10/30/2012 03:14 pm ET Updated Dec 30, 2012

Poverty in America

Recently Half in Ten, an organization dedicated to the goal of halving poverty over 10 years, launched a Twitter campaign with hash tag #TalkPoverty in hopes of finally having issues pertaining to poverty addressed by our presidential candidates. The mass appeal of the campaign has certainly gained headway on Twitter and helped to bring to the forefront some startling data on the United States as it pertains to the vast number of citizens experiencing poverty.

At this time, according to the most recent U.S. Census Bureau report, there are more than 46 million Americans living in poverty ($23,050 annual income for a family of four), with millions more living at only 150% ( which is a family of four living on $34,575 a year ) of the poverty threshold. The methodology for calculating poverty in the U.S. is often criticized on the basis that the measure is outdated and results in too few people being counted. U.S. poverty data is based on a model from the early 1960's that used U.S. Department of Agriculture data on food budgets and proportion of income spent on food to calculate poverty. This model doesn't include significant expenditures of income such as housing, education and other measures of economic stress.

With regard to our nation's children and youth, the United States of America, one of the wealthiest nations in the world, has the second highest child poverty rate of all developed nations, according to UNICEF. Only Romania has a higher percentage of youth in poverty. The United States has a staggering 22 percent of its children living in poverty. This is the future of our nation that will be faced with such challenges as lack of affordable housing, health care and education, as well as the psychological and physiological effects of being raised in poverty. In all probability, this will manifest toward perpetuating generational poverty.

The state of youth poverty in this nation is nothing short of a crisis. More than one-fifth of our youth and children are living in poverty. It is an issue that needs to be addressed on a bipartisan level in a nation where political polarization has never been more prevalent. It is time to stop pointing fingers at our citizens as being the sole cause of poverty and start adopting systems-based, solution focused policies. We cannot focus our attention predominantly on issues related to foreign policy and strengthening our economy at the middle class level alone. These millions of Americans are a significant representation of the future of this nation. If we cannot address poverty head on, ignoring the issue will only serve as a function that further inhibits these youth. This will systematically prevent these youth from reaching their, and our nation's, true potential.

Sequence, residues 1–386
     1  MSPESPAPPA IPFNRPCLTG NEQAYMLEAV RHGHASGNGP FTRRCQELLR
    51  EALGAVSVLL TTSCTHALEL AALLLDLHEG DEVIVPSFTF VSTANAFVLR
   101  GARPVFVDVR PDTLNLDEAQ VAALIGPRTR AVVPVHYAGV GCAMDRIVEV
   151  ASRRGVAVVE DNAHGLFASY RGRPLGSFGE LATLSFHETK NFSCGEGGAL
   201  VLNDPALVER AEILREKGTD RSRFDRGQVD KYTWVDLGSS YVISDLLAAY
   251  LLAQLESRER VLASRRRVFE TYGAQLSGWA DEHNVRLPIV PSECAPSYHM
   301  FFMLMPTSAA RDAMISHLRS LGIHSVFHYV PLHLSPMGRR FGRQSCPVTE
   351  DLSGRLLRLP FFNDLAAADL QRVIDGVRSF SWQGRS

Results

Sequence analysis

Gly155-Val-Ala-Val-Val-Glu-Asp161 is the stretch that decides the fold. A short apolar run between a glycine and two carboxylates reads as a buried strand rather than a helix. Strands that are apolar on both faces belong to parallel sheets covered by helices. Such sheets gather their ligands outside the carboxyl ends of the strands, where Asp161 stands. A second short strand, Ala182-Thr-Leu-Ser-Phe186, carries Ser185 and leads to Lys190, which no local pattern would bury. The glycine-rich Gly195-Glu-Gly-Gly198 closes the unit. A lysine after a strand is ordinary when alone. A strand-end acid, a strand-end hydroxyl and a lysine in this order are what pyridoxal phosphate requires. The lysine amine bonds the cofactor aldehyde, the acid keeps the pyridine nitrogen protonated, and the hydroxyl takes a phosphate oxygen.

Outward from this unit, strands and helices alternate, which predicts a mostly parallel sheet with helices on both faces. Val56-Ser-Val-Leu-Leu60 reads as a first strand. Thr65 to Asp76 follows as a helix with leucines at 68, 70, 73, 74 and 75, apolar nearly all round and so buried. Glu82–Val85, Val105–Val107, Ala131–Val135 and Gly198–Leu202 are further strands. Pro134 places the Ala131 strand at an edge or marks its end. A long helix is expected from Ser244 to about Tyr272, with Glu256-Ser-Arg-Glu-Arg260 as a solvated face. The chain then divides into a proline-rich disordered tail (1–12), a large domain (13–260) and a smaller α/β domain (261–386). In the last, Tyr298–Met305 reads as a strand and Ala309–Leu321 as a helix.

It may be challenging to face the reality that so many Americans struggle just to get by. At least let there be discourse on our nation's biggest stage, by our presidential candidates. It is critical that each of you show us how you plan to eliminate, and bring the millions of Americans out of poverty. Working toward eliminating poverty is necessary toward the social, psychological and economic wellbeing of the United States. We need to strategically approach inclusive strategies that will allow for all Americans to thrive -- particularly those living in poverty. Treat the issue, not the symptoms. As a correspondent recently states on a HuffPost Live segment, "Poverty creates more poverty." It is time to take a stand.